Florian Flick: There’s something special about every game
After Florian Flick got his first taste of life as a professional footballer at the end of last season, the 21-year-old is now a permanent member of the first-team squad. In an interview with schalke04.de, the midfielder discusses his sporting career so far, his Bundesliga debut, feedback from Dimitrios Grammozis and his nickname.
Florian, pre-season preparations are now entering their final stages ahead of the new campaign! How excited are you about the start of the 2021/22 season?
I’m buzzing! Looking at the calendar is making me even more excited about the start of the new season every day. In Hamburger SV, we have a strong opponent visiting the VELTINS Arena right on the first matchday as well.
What was your first thought when you saw the fixture list?
That the first match of the season doesn’t feel like a Bundesliga 2 fixture. There are so many big names in the second tier this year. In my eyes, it has to be the most interesting Bundesliga 2 season of all time. There’s something special about every game. We definitely won’t be gifted any points, that’s for sure.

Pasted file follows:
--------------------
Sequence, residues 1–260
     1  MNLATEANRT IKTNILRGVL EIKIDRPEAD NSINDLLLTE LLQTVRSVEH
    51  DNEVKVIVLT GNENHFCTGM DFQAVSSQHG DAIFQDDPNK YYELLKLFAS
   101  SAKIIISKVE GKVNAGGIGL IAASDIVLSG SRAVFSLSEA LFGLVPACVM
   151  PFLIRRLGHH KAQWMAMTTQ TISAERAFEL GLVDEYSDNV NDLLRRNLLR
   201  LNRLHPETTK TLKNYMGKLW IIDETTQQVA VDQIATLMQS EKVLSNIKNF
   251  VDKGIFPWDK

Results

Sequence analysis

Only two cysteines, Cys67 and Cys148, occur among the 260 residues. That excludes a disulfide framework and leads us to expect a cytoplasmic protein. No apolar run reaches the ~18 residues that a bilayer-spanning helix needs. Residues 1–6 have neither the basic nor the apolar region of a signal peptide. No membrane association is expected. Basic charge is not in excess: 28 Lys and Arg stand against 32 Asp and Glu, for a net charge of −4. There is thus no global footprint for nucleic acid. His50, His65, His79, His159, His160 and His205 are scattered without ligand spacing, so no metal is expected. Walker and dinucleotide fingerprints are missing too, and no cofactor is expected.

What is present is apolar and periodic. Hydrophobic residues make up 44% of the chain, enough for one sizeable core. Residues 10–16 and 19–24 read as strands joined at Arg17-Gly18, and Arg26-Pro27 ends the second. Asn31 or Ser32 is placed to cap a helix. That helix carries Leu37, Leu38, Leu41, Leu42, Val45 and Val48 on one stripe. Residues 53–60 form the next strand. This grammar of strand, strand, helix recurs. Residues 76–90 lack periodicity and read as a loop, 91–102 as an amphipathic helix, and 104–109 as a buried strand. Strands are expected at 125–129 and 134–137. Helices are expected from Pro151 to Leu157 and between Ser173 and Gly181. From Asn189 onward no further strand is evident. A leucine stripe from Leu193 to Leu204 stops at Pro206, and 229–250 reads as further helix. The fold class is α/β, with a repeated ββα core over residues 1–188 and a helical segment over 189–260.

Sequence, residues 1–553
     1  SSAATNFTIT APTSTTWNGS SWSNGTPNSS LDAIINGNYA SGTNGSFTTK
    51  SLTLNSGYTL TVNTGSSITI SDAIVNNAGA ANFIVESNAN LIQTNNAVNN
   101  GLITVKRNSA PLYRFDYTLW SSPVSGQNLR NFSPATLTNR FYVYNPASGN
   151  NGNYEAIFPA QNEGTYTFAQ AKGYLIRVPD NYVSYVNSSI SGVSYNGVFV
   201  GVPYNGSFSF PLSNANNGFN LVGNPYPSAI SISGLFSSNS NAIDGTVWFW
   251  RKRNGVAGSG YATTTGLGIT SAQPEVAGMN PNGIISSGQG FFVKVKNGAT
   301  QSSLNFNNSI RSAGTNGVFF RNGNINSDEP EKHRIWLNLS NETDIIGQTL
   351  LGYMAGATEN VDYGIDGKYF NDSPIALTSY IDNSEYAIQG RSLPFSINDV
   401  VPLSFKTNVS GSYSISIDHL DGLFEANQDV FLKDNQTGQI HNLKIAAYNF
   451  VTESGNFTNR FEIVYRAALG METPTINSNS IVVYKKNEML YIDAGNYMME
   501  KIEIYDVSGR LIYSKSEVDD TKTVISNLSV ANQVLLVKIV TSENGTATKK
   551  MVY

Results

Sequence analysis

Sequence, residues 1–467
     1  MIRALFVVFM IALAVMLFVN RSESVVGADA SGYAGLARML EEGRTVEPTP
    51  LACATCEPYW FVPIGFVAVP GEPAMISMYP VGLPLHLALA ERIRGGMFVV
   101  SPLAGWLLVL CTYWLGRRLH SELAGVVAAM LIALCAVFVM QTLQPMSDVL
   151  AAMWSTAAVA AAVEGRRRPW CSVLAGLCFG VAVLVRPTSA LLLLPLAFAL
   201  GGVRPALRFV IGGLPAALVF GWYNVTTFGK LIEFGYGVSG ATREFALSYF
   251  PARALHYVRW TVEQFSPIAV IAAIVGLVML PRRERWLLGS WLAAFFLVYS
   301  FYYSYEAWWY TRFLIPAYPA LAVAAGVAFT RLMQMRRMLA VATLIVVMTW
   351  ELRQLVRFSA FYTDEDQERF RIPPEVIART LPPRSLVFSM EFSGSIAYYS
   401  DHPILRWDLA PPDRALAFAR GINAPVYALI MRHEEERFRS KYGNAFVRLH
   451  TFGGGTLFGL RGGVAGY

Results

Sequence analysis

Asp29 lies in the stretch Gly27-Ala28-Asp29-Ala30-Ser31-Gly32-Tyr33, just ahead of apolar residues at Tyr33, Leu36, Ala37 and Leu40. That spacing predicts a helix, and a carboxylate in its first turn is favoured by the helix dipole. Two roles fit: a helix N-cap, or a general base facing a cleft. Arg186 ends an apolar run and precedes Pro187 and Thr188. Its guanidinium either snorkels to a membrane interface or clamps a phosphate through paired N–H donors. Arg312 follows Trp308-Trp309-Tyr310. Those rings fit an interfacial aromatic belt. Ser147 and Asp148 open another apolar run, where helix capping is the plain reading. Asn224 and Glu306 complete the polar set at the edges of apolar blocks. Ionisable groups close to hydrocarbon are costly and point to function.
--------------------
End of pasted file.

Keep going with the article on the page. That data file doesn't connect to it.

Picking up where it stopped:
You have experience of playing in the Regionalliga, 3. Liga, and in the Bundesliga, but the Bundesliga 2 is missing from that list, at least as far as playing is concerned. How do the different divisions compare to one another?
In the Regionalliga and 3. Liga, matches are characterised by how much fight you bring to them. On the other hand in the Bundesliga, your opponents tend to wait for you to make a mistake and then they exploit them. The Bundesliga is also naturally stronger in terms of the standard of play. I’m curious to discover what it’ll be like in the second tier. I know the league as a spectator, but it always feels a lot different when you’re involved in the action.
Looking at the calendar is making me even more excited about the start of the new season every day.
You celebrated making your Bundesliga debut on 8th May away against TSG 1899 Hoffenheim. When did you find out that you would be playing on that day?
At the meeting on matchday. After training in the few days beforehand, I had a gut feeling, but the coach didn’t actually tell me until a few hours before kick-off. That wasn’t a big problem for me though as I’m always ready and not the type who needs two or three days to mentally adjust to a new challenge such as that.